Overbroad Social Media Policies – This One’s OK…Maybe

Moving Target of Compliance

Over the past few years, we have written about the NLRB’s focus on private employer social media policies (see the references to our past HR Insights Blog posts below).  The decisions are hard to reconcile, and employers (and their advisors) are left to guess what may be seen by the NLRB to be an unlawfully overbroad interference with employee rights.  So much seems to turn on the use of common terms and phrases.  The outcome of a particular case also seems to turn on the makeup of the NLRB panel deciding the case (see our HR Insights Blog post “NLRB Says Negative Attitude Rule Is OK”).  And now a decision by an NLRB Administrative Law Judge suggests that an employer’s policy that one might think was overbroad is actually OK.  Of course, the NLRB may still have the final say and modify the ALJ’s opinion, but for now, the policy that was considered and found to be lawful is a good place to start in reviewing your policy for compliance. Continue Reading →

A Subtle Reminder About the Importance of FLSA Compliance

A recent case from the Northern District of Texas is a great reminder of a very important lesson – it’s not just the large class/collective action FLSA lawsuits that can be costly.

In Black v SettlePou, Inc. (Case No.3:10-CV-1418-K), Ms. Black sued her Texas employer in federal district court, claiming that she was improperly classified as an employee exempt from the overtime requirements of the FLSA and that she had been retaliated against. Two weeks before trial, the employer admitted that it had improperly classified the Plaintiff as an exempt employee. The case proceeded to a four-day trial, and the jury concluded that while there had been no retaliation, the employer had willfully violated the FLSA by failing to pay the Plaintiff at an overtime rate for hours worked in excess of 40 in a work week. The jury found that the Plaintiff was entitled to overtime pay for 274 hours of work, which resulted in a back pay award of $11,873.78. After the trial, the court was left to determine the total amount actually to be awarded in the case. Continue Reading →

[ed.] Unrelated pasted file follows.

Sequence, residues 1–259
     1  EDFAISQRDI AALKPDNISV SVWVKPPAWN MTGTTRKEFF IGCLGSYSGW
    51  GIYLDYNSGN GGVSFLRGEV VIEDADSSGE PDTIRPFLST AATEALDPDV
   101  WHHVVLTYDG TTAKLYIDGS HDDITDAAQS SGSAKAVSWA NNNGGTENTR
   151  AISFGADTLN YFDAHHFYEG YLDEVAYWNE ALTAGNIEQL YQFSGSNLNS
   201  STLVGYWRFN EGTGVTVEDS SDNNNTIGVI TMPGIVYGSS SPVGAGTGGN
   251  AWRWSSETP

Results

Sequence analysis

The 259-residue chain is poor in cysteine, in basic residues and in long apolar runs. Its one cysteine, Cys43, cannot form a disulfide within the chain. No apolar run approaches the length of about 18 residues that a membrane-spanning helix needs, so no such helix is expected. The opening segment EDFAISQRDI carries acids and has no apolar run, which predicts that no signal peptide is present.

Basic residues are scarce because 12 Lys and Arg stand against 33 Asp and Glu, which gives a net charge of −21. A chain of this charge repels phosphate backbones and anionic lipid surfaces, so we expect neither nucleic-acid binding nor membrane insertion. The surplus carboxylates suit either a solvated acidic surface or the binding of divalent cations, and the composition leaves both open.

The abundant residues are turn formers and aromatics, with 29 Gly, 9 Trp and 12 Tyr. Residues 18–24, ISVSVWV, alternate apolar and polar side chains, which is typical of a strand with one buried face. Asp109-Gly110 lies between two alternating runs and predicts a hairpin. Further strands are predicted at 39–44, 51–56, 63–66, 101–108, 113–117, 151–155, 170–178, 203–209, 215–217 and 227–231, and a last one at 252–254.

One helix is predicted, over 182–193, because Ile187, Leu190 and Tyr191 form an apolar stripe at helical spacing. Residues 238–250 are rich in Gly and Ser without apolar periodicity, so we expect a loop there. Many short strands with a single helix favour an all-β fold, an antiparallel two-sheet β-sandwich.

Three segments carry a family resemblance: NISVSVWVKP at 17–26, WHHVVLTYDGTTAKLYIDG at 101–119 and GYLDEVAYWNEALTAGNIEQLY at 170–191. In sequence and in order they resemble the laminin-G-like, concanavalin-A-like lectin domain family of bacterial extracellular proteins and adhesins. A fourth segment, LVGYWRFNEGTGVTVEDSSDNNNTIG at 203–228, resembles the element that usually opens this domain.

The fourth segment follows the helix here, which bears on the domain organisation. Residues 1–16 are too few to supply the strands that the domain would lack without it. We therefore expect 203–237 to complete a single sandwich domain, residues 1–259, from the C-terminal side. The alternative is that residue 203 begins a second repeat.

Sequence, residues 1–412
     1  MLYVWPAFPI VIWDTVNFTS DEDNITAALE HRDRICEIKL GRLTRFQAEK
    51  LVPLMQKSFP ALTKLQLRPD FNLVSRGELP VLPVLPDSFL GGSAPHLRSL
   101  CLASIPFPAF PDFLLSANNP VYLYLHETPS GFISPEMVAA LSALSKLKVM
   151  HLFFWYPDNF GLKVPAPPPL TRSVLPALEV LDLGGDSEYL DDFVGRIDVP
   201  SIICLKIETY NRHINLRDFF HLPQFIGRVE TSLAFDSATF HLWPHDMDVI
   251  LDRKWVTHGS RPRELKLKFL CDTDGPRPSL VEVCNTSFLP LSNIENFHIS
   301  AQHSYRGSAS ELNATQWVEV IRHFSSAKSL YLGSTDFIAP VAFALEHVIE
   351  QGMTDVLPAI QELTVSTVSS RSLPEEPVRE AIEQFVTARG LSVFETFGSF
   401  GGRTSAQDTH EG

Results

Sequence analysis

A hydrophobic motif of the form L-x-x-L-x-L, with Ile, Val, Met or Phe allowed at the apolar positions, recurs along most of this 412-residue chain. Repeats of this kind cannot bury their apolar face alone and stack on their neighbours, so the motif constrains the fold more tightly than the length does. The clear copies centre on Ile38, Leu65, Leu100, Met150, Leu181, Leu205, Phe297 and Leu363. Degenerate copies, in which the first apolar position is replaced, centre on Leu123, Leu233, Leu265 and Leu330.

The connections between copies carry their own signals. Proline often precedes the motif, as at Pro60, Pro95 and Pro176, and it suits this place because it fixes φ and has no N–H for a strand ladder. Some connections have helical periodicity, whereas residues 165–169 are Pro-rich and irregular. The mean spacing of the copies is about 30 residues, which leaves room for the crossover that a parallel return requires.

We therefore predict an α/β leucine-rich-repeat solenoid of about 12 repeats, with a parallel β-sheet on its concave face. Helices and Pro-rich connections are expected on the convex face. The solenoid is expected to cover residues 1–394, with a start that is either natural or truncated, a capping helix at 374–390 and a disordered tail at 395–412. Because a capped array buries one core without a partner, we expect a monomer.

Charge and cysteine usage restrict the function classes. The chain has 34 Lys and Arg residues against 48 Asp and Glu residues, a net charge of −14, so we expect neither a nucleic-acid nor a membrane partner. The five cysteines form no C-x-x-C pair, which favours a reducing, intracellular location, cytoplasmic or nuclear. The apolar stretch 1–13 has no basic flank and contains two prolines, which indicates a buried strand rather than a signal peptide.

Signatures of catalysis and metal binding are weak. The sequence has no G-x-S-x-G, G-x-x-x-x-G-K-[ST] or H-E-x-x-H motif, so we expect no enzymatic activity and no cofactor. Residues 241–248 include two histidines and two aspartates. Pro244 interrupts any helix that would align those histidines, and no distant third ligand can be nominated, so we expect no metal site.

Kentucky Emergency Regulations Create Two New Licenses for Health Facilities

On Wednesday, July 15, Governor Beshear filed emergency regulations establishing new health facility licensure categories called “behavioral health services organizations” and “residential crisis stabilization units.” Beshear states that these new health facility licenses will increase Kentuckians’ access to mental health treatment and will help them avoid higher levels of care. Continue Reading →

Overbroad Social Media Policies – This One’s OK…Maybe

Moving Target of Compliance

Over the past few years, we have written about the NLRB’s focus on private employer social media policies (see the references to our past HR Insights Blog posts below).  The decisions are hard to reconcile, and employers (and their advisors) are left to guess what may be seen by the NLRB to be an unlawfully overbroad interference with employee rights.  So much seems to turn on the use of common terms and phrases.  The outcome of a particular case also seems to turn on the makeup of the NLRB panel deciding the case (see our HR Insights Blog post “NLRB Says Negative Attitude Rule Is OK”).  And now a decision by an NLRB Administrative Law Judge suggests that an employer’s policy that one might think was overbroad is actually OK.  Of course, the NLRB may still have the final say and modify the ALJ’s opinion, but for now, the policy that was considered and found to be lawful is a good place to start in reviewing your policy for compliance. Continue Reading →

This Week in Washington – July 18, 2014

Hall Render Meets with Energy and Commerce Committee Staff on Telemedicine Initiative